Woman's hand holding glass of sangria - Klymenko Mariia/Shutterstock

Given its global presence and influence in the culinary world, it's easy to associate sangria solely with Spain. However, this beloved summertime libation's origins are intertwined with Spanish and Portuguese history. Dating back to around 200 B.C., sangria's roots can be traced to the Romans who conquered the Iberian Peninsula, fostering a shared cultural legacy between the two nations. Moreover, a 2014 European Union law dictates that only sangria produced in Spain and Portugal can rightfully bear the name.

Despite the rigid definitions, Portuguese sangria recipes offer plenty of flexibility. While red wine serves as the classic base, variations featuring white (branco), rosé, or even sparkling (espumante) wine are readily available. Portuguese brandy and a splash of Port contribute depth, while seasonal fruits such as lemons, limes, and apples add zest and sweetness. Some cinnamon sticks and mint leaves provide the finishing touch, creating a perfect day-end drink.

Licor Beirão

Bottle of alcohol in basket of lemons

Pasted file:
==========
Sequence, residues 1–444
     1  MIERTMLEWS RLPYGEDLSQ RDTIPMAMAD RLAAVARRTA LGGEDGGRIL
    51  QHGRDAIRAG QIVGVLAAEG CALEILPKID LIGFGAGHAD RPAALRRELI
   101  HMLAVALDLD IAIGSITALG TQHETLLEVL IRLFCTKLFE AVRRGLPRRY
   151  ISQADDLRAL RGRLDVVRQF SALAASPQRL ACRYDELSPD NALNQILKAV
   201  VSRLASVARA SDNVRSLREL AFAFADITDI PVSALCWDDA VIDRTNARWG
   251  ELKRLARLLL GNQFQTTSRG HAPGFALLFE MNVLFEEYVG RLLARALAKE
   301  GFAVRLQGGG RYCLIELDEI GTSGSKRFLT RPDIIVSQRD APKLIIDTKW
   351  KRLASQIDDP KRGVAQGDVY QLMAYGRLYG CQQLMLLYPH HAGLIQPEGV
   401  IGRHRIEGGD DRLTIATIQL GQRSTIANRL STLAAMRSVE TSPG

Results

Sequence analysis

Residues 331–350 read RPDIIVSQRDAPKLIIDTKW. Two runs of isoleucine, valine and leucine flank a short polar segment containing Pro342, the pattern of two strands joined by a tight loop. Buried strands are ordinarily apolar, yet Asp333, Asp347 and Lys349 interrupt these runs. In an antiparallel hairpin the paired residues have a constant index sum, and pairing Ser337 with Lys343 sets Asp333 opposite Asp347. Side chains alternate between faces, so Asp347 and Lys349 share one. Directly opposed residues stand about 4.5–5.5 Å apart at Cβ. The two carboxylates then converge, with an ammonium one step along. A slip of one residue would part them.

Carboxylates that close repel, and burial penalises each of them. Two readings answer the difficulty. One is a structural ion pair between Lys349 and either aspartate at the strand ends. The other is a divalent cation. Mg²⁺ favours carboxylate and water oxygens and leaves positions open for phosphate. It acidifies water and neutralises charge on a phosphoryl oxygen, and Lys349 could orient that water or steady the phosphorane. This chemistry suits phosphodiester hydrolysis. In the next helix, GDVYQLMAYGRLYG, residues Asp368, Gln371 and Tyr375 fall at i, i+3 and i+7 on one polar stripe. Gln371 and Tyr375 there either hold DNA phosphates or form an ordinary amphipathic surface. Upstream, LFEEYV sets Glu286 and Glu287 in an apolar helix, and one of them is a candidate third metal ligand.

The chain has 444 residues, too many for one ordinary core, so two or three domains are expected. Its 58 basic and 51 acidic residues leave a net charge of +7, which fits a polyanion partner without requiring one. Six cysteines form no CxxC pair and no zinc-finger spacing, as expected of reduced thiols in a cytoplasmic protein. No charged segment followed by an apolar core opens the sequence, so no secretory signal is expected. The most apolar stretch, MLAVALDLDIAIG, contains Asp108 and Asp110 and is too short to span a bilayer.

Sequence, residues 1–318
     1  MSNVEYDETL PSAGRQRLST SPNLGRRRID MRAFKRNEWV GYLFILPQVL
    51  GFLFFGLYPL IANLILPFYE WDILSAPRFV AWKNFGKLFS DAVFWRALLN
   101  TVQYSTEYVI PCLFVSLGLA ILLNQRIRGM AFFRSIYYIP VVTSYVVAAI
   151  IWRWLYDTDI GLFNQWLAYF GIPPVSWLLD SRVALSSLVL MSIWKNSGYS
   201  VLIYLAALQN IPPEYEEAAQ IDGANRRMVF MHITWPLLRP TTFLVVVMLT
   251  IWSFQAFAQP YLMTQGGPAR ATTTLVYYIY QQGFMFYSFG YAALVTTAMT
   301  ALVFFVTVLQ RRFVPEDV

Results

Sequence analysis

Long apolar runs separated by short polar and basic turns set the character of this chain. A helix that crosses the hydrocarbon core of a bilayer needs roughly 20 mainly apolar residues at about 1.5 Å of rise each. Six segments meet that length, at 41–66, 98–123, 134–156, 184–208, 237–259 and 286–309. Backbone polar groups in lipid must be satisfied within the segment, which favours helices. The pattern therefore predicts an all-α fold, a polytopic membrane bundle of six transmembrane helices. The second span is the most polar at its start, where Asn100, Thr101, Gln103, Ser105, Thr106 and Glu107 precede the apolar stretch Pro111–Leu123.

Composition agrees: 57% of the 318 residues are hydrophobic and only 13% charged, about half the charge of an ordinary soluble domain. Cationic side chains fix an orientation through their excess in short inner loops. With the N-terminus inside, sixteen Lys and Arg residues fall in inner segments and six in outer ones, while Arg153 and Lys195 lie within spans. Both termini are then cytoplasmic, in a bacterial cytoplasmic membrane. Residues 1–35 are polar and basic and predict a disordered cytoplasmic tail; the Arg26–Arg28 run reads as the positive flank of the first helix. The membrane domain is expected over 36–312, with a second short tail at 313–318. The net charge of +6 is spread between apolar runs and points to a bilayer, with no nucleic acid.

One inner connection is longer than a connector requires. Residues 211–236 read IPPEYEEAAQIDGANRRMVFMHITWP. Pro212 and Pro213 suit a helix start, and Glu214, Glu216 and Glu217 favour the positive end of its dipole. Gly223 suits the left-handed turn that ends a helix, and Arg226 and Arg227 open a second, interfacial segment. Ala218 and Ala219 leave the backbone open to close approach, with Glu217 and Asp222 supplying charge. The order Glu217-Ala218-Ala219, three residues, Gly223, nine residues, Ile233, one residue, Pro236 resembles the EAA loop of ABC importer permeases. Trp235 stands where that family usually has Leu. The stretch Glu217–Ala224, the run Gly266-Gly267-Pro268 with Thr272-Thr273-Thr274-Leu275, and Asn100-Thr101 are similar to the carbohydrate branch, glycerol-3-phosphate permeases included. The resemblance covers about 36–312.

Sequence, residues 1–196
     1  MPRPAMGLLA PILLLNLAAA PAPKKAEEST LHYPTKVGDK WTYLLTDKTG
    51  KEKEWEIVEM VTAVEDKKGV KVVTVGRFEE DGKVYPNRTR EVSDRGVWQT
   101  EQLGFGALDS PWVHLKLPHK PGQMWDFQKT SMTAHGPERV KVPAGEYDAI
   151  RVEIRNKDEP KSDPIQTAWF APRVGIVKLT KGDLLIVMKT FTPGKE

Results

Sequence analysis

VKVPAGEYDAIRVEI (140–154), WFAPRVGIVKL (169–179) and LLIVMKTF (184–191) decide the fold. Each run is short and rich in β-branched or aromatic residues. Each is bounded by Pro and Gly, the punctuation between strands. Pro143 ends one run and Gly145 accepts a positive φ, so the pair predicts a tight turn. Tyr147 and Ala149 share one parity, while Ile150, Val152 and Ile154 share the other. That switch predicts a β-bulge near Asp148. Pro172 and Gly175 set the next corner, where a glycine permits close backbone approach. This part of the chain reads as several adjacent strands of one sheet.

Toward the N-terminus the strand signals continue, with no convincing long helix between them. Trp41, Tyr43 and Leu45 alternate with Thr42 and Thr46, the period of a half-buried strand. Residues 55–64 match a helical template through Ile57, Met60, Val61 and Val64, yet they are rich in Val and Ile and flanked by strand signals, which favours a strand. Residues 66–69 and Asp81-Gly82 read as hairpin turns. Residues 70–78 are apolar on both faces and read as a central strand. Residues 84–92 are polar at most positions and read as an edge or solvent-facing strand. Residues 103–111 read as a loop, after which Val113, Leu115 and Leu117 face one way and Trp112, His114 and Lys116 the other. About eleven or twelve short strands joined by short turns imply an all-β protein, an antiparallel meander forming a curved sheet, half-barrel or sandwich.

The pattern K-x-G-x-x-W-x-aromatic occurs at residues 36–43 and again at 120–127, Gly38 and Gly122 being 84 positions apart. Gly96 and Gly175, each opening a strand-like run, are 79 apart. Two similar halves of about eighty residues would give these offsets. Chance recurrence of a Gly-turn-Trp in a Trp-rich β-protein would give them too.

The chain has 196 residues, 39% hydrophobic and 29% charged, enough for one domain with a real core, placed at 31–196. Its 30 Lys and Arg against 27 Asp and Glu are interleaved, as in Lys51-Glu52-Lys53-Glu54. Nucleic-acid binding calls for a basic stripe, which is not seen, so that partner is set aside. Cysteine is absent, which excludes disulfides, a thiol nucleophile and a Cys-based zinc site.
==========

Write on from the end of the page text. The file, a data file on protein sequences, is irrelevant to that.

Bottle of alcohol in basket of lemons - licor_beirao / Instagram

Licor Beirão's slogan is "O licor de Portugal" (the liqueur of Portugal). It's a boastful claim, but it's not without merit. Not only does Beirão hold the unofficial title of Portugal's national drink, but you'll find this herbal liqueur in just about every café, bar, and restaurant in Portugal, something that further solidifies its status. Its versatility knows no bounds, as it's enjoyed neat, in cocktails, blended with coffee, and even infused into ice cream.

The enigmatic flavor profile of Licor Beirão is a closely guarded family secret, but it's known to contain botanicals and spices like eucalyptus, cinnamon, rosemary, lavender, aniseed, and mint. With an alcohol content of 22%, it offers a smoother and sweeter taste compared to other herbal liqueurs like Jägermeister and Chartreuse.

Originating in the 19th century in Lousã, a town in north-central Portugal, Licor Beirão was initially formulated as a stomach medication by a pharmacist. As regulations shifted and the sale of alcoholic tinctures was outlawed, the pharmacist's son-in-law transformed it into a beverage. Years later, it achieved acclaim by winning a gold medal at a competition in Beirã, a nearby town. The drink was rechristened Beirão in honor of the region, and the rest is history.

Poncha

Two yellow drinks on a wooden table
Two yellow drinks on a wooden table - Miguel Horta/Getty Images

Located 669 miles southwest of mainland Portugal, Madeira comprises a cluster of volcanic islands renowned for their breathtaking beauty. But to label them as merely beautiful would be an understatement. The diverse landscape of lush forests, rugged coastlines, and mesmerizing waterfalls is nothing short of awe-inspiring. Beyond its geographical wonders, the islands boast a rich culinary heritage. From scabbard filet and limpets to bolo do caco, a round flatbread, Madeira offers a gastronomic adventure like no other.